Iodine-123-OIH is cleared primarily by the proximal tubules. Its high uptake by renal tubules and rapid excretion into urine make this tracer useful for dynamic renal scintigraphy, though it is not routinely used due to its limited availability.

4. 99mTc-GH (Cortical retention and GFR)

About 40% of injected dose of 99mTc-GH is rapidly cleared into urine [4] by 1 hour and 8% to 10% of the initial tracer activity is present in the kidneys. It is suggested that this renal accumulation of 99mTc-GH, providing high-resolution cortical imaging, occur because it is actively concentrated in the proximal tubule by enzyme systems similar to those involved in PAH (para-aminohippurate) and hippuran transport [5].

5. 99mTc –DMSA (Cortical retention)

Technetium-99m-DMSA is the agent of choice for renal cortical scintigraphy. Using knockout mice lack of receptors essential to the proximal tubule endocytic uptake of proteins from the glomerular ultrafiltrate, the mechanism of renal uptake of 99mTc-DMSA is recently suggested as receptor-mediated endocytosis [6]. Uptake of 99mTc-DMSA is well correlated with renal blood flow and renal mass [7] and is widely used in pediatrics for the evaluation of relative renal function, pyelonephritis, and renal scarring [8].

6. 99mTc-(CO3) NTA (Tubular secretion)

Technetium-99m-(CO3)NTA is renal radiopharma-ceutical most recently developed [9]. The pharmacokinetic behavior of 99mTc-(CO3) NTA was comparable to that of 131I-OIH in the study included nine healthy volunteers [9] and in patients with chronic kidney disease [10]. More studies are needed to validate routine use of 99mTc-(CO3) NTA as a renal tracer of choice for the measurement of effective renal plasma.

Radiation exposure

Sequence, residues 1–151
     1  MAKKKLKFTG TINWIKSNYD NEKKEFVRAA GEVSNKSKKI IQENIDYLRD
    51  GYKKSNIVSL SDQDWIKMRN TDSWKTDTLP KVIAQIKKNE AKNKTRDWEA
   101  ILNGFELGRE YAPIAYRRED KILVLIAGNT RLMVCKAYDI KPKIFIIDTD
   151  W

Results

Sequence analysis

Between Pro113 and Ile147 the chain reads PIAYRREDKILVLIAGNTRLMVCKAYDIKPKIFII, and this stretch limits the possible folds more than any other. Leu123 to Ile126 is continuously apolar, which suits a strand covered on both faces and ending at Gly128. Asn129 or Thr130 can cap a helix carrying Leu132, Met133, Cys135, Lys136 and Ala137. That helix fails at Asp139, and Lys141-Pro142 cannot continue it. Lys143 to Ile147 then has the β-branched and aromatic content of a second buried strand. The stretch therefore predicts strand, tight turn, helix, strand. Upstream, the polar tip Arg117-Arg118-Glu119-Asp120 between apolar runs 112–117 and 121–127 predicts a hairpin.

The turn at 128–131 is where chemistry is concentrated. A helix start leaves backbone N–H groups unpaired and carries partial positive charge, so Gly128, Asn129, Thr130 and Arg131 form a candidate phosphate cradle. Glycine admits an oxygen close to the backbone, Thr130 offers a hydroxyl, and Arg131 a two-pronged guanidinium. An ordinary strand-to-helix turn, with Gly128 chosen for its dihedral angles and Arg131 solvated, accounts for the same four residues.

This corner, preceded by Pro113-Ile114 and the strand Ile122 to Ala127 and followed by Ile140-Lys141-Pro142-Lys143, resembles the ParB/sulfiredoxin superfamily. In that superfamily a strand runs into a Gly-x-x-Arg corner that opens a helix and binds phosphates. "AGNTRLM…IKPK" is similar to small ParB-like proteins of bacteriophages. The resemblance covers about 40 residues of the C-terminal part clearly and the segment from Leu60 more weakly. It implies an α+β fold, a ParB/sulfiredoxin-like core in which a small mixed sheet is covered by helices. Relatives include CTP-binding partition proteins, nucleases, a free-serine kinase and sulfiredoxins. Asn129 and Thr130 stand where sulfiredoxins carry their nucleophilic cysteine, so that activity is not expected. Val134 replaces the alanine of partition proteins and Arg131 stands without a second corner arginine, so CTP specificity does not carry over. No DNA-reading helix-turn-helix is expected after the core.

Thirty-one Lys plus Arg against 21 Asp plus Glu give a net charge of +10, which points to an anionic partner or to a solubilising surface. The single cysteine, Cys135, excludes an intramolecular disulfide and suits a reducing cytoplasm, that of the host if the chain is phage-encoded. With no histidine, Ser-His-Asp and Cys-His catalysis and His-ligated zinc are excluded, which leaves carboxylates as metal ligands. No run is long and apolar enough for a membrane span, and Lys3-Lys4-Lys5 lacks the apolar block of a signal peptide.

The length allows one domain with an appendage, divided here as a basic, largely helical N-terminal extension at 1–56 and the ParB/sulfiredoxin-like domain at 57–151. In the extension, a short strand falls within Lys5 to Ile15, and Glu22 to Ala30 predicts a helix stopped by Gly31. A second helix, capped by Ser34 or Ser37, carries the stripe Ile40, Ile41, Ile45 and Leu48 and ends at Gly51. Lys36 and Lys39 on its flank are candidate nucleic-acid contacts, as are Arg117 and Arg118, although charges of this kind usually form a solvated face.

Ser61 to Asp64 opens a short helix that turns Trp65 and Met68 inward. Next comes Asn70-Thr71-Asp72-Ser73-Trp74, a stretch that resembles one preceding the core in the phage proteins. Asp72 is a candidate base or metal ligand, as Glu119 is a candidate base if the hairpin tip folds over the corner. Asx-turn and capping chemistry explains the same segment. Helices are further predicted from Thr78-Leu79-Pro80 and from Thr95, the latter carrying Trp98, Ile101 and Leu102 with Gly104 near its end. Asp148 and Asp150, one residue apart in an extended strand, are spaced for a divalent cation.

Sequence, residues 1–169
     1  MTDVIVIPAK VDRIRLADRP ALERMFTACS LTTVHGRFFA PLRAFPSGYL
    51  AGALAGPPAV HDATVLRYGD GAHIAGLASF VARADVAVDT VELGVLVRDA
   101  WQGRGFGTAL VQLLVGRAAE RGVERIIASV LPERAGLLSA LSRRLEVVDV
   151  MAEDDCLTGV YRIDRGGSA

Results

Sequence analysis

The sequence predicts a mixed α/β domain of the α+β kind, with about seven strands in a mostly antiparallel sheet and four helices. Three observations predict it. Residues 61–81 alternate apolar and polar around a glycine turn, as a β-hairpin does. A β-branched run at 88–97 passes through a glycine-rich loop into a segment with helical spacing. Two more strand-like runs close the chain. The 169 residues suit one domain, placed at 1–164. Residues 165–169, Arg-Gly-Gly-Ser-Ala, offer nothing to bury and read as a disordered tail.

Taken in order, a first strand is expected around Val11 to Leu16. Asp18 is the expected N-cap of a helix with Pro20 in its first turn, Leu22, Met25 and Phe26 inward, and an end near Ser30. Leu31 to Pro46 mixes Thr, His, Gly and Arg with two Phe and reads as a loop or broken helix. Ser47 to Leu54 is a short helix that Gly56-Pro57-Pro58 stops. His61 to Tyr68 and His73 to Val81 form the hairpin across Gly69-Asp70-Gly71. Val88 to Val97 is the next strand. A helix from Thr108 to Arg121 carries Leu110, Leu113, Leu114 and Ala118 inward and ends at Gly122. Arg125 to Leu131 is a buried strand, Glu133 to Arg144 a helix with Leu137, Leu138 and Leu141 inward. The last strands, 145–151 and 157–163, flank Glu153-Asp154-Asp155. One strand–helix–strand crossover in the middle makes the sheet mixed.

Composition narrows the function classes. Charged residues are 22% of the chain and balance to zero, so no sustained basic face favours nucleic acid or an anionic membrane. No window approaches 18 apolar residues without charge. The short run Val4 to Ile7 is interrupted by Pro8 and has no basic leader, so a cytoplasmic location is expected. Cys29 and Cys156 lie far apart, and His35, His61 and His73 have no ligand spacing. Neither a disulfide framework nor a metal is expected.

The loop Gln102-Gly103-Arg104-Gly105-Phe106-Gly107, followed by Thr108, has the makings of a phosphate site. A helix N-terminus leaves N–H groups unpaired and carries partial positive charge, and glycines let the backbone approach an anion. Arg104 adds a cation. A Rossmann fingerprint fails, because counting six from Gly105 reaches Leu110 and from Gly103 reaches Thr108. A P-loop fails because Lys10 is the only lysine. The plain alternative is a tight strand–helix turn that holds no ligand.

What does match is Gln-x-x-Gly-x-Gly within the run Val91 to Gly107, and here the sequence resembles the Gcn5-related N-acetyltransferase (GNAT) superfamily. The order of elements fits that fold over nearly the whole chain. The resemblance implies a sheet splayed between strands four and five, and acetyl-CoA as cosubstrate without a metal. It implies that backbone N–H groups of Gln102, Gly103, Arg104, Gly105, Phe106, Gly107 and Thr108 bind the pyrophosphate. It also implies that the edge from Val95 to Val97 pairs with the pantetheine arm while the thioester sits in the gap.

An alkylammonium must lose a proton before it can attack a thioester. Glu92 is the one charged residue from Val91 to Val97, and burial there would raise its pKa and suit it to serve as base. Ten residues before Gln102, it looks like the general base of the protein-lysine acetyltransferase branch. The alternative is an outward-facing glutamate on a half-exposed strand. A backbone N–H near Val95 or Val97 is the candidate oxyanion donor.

The radiation dose estimates calculated for the 99mTc-DTPA, 99mTc-MAG3, and 131I-OIH in healthy adult volunteers were 0.0089, 0.010, and 0.089 mSv/MBq each on slow voiding protocol and were 0.0054, 0.0042, and 0.026 mSv/MBq on fast voiding protocol11 and these results suggest all estimates lie far lower than the average annual exposure from environment (reported as 2.4 mSv/MBq worldwidely, last updated on 13 Feb, 2013 via http://www.unscear.org). The effective radiation dose from plain chest radiography in neonate and pediatric patients varies from 0.016 to 0.02 mSv. Assuming 99mTc-MAG3 and 99mTc-DMSA are most commonly used radiotracers for renal scintigraphy in pediatric patients, nuclear medicine physicians and referring physicians need to be well informed of the radiation doses of these tracers in pediatric scale. In the study comparing radiation for pediatric nuclear medicine examinations following dose recommendation from NA (North Americal consensus guidelines) [13] and from EANM (European Association of Nuclear Medicine) [14], the effective dose of renal scintigraphy with 99mTc-MAG3 and 99mTc-DMSA calculated in pediatric patient varies from 0.40 mSv (in age of 1 year) to 1.83 mSv (in age of 15) depending on the guideline adopted (Table 1) [12]. Nuclear medicine physicians specially need to be aware of that the difference of radiation dose in two guidelines exists even in the same procedure, and be able to choose dosimetrically desirable one.